Philippe Fraser of Mars Montessori Bilingual Nursery, Islington. Credit: David Parry/ FT
Philippe Fraser of Mars Montessori Bilingual Nursery in Islington © FT

“It feels a bit surreal to think that the UK could be outside of the EU. I’ve been here 12 years and I feel a Londoner even though I’ve kept my links in Paris,” says Nicolas Petrovic, Paris-born and educated, who runs Eurostar, a corporate symbol of European integration.

Professionally and personally, he hopes that Britain will not leave the EU.

Mr Petrovic believes that the French community in the UK — estimated at 300,000 — has not really absorbed the potential consequences of a Brexit. But others in the community are more vehement on the topic.

“Of course we’re worried. We’re terrified!” exclaims Patricia Connell.

A French national who has lived in Britain for the past 30 years, Ms Connell runs France in London, a website about the French products, schools, and films available in the city. She would remain in the British capital if the UK votes on June 23 to leave the EU — “my house is here, my family is here”. But she adds: “Some people are saying . . . they can’t imagine staying if that happens.”

Ms Connell, like many of her compatriots, says she has only just woken up to the possibility that the British might choose to go their own way. Even the French consulate in London has not started working on the consequences of a Brexit on the community.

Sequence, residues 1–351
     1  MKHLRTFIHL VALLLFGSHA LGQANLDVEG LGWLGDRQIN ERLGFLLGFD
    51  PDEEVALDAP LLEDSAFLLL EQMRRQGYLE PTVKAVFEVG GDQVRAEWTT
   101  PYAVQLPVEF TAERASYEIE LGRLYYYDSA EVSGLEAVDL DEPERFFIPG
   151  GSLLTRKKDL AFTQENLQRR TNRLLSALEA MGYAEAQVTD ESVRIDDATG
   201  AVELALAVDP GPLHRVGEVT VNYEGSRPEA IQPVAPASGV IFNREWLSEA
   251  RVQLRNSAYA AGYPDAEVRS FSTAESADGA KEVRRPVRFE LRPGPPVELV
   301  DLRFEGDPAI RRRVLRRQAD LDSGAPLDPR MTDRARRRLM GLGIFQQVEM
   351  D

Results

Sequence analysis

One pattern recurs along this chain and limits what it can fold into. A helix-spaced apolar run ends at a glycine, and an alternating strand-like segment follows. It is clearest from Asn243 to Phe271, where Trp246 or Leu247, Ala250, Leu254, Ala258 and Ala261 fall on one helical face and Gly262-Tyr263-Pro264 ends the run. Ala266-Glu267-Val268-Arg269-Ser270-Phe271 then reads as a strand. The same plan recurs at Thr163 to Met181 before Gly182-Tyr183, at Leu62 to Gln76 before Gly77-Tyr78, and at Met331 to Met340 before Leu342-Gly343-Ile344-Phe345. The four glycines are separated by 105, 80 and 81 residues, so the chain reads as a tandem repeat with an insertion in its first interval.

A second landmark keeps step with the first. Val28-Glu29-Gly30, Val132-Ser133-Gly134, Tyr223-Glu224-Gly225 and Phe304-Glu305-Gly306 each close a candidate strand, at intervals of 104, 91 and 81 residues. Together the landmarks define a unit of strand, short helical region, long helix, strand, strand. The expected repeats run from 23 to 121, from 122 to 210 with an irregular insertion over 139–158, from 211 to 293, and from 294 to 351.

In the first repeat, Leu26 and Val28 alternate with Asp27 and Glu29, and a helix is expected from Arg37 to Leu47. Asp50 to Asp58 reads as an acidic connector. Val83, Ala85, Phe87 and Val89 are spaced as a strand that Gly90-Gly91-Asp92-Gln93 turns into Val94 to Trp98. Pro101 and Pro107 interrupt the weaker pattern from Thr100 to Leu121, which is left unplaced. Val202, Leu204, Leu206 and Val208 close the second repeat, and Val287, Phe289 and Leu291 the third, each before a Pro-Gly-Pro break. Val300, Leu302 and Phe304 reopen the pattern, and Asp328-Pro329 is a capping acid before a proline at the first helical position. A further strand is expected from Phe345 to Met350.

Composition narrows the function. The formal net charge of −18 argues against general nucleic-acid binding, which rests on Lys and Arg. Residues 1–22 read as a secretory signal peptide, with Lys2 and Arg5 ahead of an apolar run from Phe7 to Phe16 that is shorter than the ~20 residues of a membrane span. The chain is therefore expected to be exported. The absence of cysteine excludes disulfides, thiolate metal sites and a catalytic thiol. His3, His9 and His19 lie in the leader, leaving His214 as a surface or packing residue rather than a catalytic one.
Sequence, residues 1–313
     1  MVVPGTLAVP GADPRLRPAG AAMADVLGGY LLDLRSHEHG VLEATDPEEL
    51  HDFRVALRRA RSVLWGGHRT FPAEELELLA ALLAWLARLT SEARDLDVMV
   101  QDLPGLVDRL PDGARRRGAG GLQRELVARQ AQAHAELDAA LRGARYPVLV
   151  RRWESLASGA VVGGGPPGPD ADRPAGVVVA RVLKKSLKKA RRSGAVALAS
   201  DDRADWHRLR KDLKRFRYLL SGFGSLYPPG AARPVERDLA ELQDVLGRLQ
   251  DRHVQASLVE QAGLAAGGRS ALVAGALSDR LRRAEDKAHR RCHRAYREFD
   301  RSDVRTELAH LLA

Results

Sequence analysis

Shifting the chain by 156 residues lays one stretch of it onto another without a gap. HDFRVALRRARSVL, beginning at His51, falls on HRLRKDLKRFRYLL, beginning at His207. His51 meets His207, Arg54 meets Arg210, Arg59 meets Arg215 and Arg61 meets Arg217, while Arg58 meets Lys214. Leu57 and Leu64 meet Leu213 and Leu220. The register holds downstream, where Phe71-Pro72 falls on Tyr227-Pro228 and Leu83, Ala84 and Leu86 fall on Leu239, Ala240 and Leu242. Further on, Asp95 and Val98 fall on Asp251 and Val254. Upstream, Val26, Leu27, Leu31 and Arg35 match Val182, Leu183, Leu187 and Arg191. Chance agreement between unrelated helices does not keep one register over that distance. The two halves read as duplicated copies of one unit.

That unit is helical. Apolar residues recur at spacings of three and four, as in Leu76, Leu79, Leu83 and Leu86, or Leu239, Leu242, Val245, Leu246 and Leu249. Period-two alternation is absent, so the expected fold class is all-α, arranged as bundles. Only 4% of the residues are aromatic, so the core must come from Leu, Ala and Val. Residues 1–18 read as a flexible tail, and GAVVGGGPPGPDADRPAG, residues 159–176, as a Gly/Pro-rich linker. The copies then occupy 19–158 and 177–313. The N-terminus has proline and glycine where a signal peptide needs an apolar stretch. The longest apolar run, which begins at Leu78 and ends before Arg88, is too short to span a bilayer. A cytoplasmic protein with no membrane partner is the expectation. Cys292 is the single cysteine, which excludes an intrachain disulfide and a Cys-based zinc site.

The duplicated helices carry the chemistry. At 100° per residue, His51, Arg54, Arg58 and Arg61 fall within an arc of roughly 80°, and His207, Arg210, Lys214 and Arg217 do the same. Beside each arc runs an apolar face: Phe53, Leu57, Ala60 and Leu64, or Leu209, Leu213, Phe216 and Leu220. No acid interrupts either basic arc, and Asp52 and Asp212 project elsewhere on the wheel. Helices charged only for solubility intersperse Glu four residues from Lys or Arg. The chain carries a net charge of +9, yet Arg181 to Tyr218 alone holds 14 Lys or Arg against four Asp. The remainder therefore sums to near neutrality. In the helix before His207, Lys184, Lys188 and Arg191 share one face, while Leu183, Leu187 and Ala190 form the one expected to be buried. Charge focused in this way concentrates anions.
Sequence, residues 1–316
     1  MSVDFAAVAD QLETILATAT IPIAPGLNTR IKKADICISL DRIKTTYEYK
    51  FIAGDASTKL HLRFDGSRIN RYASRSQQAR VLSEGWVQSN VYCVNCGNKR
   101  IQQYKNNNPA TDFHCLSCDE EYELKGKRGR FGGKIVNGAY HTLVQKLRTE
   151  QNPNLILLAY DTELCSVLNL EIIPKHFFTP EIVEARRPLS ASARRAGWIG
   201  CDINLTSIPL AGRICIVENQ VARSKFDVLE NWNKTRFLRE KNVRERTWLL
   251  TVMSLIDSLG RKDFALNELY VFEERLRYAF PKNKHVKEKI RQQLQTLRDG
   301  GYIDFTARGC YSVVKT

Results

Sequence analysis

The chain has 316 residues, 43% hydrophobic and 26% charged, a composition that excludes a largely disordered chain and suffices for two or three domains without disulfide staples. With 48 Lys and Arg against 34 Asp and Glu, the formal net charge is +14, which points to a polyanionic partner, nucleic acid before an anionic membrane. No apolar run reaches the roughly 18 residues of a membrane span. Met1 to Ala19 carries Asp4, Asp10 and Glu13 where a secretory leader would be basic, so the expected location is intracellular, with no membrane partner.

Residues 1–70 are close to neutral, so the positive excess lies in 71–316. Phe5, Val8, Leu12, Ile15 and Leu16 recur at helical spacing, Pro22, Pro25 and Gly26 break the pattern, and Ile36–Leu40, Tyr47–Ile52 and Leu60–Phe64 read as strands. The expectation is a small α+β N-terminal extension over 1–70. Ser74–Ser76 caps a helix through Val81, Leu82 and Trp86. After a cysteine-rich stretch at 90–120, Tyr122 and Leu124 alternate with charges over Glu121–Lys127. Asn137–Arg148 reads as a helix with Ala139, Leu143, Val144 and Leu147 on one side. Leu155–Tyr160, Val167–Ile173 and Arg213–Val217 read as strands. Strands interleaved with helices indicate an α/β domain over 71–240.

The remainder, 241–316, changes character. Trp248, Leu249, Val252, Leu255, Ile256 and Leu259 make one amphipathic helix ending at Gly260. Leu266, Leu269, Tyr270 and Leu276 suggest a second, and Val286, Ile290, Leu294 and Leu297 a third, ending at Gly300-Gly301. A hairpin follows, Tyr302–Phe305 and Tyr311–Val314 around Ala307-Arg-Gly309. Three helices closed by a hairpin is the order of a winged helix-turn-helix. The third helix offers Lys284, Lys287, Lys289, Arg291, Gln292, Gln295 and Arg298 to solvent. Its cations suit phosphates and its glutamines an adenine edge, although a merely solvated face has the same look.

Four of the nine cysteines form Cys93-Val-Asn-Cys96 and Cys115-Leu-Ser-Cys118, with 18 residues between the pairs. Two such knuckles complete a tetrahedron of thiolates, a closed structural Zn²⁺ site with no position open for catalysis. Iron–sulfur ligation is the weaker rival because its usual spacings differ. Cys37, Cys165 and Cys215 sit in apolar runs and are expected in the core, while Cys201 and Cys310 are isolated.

“Everybody thought it was never going to happen,” agrees Olivier Bertin, who runs a school and art gallery in London. He organises guided French-speaking walks in the English countryside, and is also an elected member of the body that represents the French abroad, the Assemblée des Français à l’Etranger. With opinion polls suggesting the result of the EU membership referendum is finely balanced, he explains: “Suddenly you look at the figures and you think, hang on a minute, this isn’t black and white.”

Other French business people in the capital are less concerned. Arsène Colarossi runs Breteuil, which rents high-end properties in central London to the French community and describes itself as “the most British French estate agency”.

He says he has not noticed any reduction in demand because of the coming vote, pointing out that the British capital “is already the most internationally diverse property market”.

Mr Colarossi and Mr Bertin operate at the epicentre of the UK’s French community in South Kensington, home to the French Lycée, the French Institute and numerous French shops, cafés and businesses.

The French consulate in London says there are more than 3,000 French businesses employing nearly 400,000 people in the UK. By 2012, according to the French national statistics office, the UK was France’s most significant economic outpost, with French companies in Britain turning over €120bn annually.

In recent years, as the French population has grown, it has spread south of the river Thames to Battersea and west to Fulham, spawning nursery schools and restaurants as it goes.

Many French expats — perhaps a third, according to estimates — work in the City. But Mr Bertin says that, although French financial services workers fear their jobs may move to other countries, they are even more worried about their London support system.

“They are very concerned with the nannies and all the staff who work with their children. If they go to a British school they want tutors who will speak French to their children.”